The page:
. . .

ARTICLE 18. MEAL PERIOD AND LODGING

Drivers shall, except by mutual agreement, take at least one continuous hour for meals and not less than thirty (30) minutes nor more than (1) hour in each (10) hour period. No driver shall be compelled to take more than one continuous hour during such period nor compelled to take any part of such continuous hour before he has been on duty four (4) hours or after he has been on duty six (6) hours. A driver shall not, however, take time off for meals before he has been on duty four (4) hours nor after he has been on duty six (6) hours. Meal period shall not be compulsory at stops where the driver is responsible for equipment or cargo, nor shall meal period be compulsory when or where there is no accessible eating place.

If a driver is required to lay over on any trip, he will be reimbursed for all food and lodging expenses within seven (7) days after returning to his home terminal, upon presentation of reasonably receipted bills.

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Bunk Pay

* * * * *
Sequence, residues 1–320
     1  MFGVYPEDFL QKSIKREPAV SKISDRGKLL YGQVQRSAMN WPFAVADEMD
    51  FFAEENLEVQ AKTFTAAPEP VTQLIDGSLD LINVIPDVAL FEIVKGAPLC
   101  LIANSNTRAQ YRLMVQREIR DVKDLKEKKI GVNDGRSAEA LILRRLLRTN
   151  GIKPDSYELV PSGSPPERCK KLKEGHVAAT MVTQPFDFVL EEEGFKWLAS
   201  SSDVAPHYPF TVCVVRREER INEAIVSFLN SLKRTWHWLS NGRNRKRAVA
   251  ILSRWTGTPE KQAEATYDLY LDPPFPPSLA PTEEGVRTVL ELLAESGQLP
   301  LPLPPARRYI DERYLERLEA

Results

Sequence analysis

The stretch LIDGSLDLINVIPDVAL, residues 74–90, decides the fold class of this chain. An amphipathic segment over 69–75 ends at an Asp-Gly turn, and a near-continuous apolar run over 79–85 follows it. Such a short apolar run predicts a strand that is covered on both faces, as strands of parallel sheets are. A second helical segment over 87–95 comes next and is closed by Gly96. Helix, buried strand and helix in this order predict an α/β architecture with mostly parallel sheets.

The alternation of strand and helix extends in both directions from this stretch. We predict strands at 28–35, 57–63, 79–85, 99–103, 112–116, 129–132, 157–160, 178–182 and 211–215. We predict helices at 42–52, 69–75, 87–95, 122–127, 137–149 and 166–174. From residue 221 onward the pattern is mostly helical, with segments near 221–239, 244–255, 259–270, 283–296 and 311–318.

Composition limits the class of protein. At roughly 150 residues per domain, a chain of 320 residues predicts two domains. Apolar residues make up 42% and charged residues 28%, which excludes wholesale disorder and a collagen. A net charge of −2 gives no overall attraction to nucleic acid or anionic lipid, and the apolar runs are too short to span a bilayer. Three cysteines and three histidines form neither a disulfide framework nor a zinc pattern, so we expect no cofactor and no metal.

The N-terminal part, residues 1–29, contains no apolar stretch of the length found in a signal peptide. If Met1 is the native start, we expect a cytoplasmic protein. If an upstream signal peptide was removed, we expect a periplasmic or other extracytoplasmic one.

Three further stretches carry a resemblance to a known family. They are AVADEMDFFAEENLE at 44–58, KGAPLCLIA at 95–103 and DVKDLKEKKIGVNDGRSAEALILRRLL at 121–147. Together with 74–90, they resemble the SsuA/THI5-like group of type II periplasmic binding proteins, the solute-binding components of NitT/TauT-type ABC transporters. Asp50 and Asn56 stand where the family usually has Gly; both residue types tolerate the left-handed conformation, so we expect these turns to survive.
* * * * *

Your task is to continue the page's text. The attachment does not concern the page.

The employee shall be paid $18.00 for the use of the sleeper berth, for each 10 hour break. Sleeper time cannot be accrued during other compensable time, excluding extended layover pay.

. . .

ARTICLE 21. PAID FOR TIME

. . .

Section 3. Layovers, Breakdowns, or Impassable Highways

Where a driver is required to lay-over away from his/her home terminal, lay-over pay shall commence following the fourteenth (14th) hour at the end of a run. The driver must be notified at least two (2) hours prior to the fourteenth (14th) hour, of his/her departure time, with an allowance to the Employer of fifteen (15) minutes from approximated starting time up to the fourteenth (14th) hour. If the driver is not called two (2) hours in advance, as herein provided, he/she shall be paid for two (2) hours. If a driver is held over after the fourteenth (14th) hour he/she shall receive lay-over pay for each hour held over up to eight (8) hours in the first twenty-two (22) hours of lay-over period, commencing after the run ends. This pay shall be in addition to the pay to which the driver is entitled if he/she is put to work at any time within the twenty-two (22) hours after the run ends. The same principle shall apply to each succeeding eighteen (18) hour period prior to the tenth (10th) hour and lay-over pay shall commence after the tenth (10th) hour.